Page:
- The main datacenter is connected to the internet with a fiber Metro Ethernet connection (500 MBps).
- Each branch is connected locally to the internet by using business-class connections with IPsec VPN tunnels back to the main datacenter. The setup allows Contoso's entire network to be permanently connected and optimizes internet connectivity.
- The main datacenter is fully virtualized with VMware. Contoso has two ESXi 6.5 virtualization hosts that are managed by vCenter Server 6.5.
- Contoso uses Active Directory for identity management. Contoso uses DNS servers on the internal network.
- Contoso has an on-premises domain controller (contosodc1).
- The domain controllers run on VMware VMs. The domain controllers at local branches run on physical servers.
- The SmartHotel360 app is tiered across two VMs (WEBVM and SQLVM) that are located on a VMware ESXi version 6.5 host (contosohost1.contoso.com).
- The VMware environment is managed by vCenter Server 6.5 (vcenter.contoso.com) running on a VM.
In this scenario, Contoso wants to migrate its two-tier on-premises travel app as follows:
- Migrate the app database (SmartHotelDB) to an Azure SQL Database Managed Instance.
- Migrate the front-end WebVM to an Azure VM.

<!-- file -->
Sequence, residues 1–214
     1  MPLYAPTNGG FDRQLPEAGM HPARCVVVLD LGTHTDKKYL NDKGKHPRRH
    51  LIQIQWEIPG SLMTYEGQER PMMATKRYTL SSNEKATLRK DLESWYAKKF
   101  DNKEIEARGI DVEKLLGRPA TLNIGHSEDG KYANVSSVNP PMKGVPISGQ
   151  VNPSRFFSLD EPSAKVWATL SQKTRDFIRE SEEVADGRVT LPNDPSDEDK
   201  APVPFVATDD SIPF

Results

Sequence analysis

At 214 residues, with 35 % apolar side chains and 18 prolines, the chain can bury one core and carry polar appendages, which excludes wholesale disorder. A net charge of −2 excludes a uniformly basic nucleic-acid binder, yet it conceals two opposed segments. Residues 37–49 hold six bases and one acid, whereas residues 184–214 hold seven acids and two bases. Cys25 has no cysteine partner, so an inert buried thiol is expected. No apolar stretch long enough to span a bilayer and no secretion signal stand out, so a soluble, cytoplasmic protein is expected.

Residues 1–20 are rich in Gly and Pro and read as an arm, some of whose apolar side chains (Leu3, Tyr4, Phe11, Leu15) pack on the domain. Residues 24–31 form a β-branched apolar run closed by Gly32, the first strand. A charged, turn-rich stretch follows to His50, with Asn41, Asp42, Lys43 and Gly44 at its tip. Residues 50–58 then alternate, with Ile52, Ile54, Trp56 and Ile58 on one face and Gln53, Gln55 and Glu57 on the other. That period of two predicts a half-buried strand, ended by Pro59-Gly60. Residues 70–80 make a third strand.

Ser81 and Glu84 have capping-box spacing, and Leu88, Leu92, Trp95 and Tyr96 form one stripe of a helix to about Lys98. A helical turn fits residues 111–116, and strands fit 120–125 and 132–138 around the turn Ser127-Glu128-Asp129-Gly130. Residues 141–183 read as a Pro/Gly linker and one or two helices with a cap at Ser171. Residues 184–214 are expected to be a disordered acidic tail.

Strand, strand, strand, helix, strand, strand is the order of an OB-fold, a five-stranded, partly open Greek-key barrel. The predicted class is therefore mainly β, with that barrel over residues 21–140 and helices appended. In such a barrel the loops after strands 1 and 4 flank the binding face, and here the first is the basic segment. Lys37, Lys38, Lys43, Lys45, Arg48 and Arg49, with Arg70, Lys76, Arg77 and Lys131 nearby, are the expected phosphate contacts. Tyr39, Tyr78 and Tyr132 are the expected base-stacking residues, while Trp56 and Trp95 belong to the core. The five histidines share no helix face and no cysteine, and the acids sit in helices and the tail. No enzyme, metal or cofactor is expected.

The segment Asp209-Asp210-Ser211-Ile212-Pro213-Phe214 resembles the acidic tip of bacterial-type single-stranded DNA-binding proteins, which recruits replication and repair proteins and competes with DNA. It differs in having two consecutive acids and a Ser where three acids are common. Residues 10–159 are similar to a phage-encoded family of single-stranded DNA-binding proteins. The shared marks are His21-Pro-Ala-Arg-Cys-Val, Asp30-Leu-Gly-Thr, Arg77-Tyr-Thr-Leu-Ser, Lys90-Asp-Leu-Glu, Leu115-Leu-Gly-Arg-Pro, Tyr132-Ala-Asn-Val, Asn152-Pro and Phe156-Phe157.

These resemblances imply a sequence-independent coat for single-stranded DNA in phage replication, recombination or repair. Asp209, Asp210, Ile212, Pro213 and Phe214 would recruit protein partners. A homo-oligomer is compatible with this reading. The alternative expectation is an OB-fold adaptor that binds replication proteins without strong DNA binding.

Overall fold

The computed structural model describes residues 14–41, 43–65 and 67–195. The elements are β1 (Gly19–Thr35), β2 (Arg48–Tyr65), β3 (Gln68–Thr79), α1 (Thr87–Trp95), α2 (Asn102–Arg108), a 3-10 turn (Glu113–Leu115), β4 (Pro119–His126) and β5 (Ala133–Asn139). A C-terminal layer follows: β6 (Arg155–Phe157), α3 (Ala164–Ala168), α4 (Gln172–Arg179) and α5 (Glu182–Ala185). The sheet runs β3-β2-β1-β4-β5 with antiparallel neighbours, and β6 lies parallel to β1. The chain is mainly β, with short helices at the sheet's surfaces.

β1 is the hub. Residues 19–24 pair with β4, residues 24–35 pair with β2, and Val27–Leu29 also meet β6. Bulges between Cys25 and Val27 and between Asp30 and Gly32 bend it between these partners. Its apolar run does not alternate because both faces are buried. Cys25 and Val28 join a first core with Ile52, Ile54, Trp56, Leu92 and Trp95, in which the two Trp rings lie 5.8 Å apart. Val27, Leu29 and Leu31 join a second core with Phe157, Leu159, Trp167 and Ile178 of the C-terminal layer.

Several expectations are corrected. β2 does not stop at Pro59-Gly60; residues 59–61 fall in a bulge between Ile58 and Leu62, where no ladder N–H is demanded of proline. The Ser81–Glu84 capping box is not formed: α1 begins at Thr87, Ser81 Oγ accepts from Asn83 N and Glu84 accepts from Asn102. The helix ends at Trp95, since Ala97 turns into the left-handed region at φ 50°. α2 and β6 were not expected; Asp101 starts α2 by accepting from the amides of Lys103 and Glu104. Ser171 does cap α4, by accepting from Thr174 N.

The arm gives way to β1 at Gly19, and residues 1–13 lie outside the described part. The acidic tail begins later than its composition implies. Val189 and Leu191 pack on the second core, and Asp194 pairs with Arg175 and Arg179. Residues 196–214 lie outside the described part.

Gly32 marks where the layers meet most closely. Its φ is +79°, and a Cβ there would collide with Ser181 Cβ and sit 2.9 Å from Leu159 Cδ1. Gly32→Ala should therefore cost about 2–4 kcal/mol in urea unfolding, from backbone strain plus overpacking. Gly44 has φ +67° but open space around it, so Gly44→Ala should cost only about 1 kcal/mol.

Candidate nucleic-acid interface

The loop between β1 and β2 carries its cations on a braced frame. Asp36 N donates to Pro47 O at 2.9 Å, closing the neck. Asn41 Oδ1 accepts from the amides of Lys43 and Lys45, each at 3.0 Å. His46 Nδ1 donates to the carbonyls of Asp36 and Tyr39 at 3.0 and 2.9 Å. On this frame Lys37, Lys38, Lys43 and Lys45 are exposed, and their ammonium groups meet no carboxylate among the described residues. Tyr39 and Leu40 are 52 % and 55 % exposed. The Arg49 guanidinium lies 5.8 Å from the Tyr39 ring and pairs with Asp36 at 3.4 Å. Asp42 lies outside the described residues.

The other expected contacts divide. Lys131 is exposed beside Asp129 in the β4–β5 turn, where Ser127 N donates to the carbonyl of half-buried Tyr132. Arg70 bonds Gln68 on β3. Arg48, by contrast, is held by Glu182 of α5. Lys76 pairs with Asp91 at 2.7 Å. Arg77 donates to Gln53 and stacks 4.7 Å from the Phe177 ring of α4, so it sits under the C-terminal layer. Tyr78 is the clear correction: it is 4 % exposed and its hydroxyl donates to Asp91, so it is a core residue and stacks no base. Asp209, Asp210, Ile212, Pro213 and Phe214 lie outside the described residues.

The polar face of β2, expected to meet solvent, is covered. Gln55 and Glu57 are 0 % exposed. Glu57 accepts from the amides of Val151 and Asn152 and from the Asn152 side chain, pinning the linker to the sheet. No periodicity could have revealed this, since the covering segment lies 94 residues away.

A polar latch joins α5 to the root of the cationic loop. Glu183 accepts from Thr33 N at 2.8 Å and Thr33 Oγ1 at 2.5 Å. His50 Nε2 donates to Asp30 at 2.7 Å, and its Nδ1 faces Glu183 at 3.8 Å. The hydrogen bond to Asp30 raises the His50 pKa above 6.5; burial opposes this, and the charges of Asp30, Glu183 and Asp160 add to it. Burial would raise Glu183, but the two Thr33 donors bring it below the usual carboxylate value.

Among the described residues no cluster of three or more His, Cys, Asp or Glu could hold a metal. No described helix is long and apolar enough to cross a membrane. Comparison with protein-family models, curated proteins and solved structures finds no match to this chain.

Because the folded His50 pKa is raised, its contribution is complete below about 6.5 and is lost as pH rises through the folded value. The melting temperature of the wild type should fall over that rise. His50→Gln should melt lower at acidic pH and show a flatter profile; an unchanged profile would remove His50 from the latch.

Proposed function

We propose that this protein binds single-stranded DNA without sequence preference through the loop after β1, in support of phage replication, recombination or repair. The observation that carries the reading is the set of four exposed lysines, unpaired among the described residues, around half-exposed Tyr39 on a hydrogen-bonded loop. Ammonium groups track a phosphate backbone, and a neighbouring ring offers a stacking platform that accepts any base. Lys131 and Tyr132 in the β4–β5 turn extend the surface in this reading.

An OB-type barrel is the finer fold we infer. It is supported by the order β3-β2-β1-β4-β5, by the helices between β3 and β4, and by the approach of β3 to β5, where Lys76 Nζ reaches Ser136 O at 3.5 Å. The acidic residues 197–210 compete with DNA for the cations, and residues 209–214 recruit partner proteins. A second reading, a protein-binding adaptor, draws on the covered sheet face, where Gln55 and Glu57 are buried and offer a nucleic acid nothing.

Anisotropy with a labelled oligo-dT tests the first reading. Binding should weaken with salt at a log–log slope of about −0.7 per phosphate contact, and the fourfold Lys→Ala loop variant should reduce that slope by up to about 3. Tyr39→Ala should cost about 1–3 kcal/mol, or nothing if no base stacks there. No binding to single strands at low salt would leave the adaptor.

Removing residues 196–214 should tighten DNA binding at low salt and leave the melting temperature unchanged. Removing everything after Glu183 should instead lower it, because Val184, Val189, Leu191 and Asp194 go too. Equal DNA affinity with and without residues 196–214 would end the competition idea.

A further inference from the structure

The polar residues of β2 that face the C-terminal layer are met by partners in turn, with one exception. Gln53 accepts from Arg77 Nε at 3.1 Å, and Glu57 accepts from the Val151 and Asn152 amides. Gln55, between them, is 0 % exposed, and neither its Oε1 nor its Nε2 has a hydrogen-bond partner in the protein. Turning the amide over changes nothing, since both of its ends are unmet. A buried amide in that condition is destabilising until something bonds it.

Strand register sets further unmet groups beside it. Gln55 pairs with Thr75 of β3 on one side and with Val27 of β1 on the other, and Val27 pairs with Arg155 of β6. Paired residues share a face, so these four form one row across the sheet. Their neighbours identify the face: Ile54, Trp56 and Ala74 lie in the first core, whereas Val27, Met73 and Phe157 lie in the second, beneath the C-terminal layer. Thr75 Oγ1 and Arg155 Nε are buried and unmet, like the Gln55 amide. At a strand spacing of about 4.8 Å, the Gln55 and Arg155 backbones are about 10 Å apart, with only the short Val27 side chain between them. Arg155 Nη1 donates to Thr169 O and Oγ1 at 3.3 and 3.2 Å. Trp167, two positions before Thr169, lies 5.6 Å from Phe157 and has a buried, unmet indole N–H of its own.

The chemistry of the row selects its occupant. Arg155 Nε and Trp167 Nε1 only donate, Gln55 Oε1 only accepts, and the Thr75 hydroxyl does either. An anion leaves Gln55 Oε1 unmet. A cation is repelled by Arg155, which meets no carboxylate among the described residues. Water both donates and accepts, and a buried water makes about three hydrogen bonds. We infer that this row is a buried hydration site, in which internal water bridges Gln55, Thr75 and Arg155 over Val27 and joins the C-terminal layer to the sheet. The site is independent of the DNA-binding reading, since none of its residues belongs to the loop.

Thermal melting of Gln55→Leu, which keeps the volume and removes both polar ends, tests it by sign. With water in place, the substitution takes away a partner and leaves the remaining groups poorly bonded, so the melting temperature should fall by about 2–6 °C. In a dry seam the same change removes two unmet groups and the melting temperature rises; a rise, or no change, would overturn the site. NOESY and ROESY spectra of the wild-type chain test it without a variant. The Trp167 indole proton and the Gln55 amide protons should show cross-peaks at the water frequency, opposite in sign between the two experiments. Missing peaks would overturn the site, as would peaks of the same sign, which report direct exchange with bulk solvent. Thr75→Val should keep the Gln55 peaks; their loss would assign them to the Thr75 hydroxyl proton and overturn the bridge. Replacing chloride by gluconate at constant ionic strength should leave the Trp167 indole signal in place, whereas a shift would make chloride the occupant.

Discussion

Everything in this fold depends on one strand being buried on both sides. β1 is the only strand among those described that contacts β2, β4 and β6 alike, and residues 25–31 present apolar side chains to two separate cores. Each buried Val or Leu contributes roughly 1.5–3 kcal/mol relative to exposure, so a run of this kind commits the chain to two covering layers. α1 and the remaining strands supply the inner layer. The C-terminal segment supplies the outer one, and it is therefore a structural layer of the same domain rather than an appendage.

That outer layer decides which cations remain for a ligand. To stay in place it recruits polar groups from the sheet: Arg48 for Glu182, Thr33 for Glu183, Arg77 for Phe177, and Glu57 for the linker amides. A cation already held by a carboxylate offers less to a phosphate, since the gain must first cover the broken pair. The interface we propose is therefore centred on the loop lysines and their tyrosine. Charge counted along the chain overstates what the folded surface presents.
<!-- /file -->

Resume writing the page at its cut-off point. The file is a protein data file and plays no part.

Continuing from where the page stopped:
- The on-premises VMs in the Contoso datacenter will be decommissioned when the migration is finished.
As part of the solution design process, Contoso did a feature comparison between Azure SQL Database and SQL Server Managed Instance. The following considerations helped them to decide to go with Managed Instance.
- Managed Instance aims to deliver almost 100% compatibility with the latest on-premises SQL Server version. Microsoft recommends Managed instance for customers running SQL Server on-premises or on IaaS VM who want to migrate their apps to a fully managed service with minimal design changes.
- Contoso is planning to migrate a large number of apps from on-premises to IaaS. Many of these are ISV provided. Contoso realizes that using Managed Instance will help ensure database compatibility for these apps, rather than using SQL Database which might not be supported.
- Contoso can simply do a lift and shift migration to Managed Instance using the fully automated Azure Database Migration Service. With this service in place, Contoso can reuse it for future database migrations.
- SQL Managed Instance supports SQL Server Agent which is an important issue for the SmartHotel360 app. Contoso needs this compatibility, otherwise it will have to redesign maintenance plans required by the app.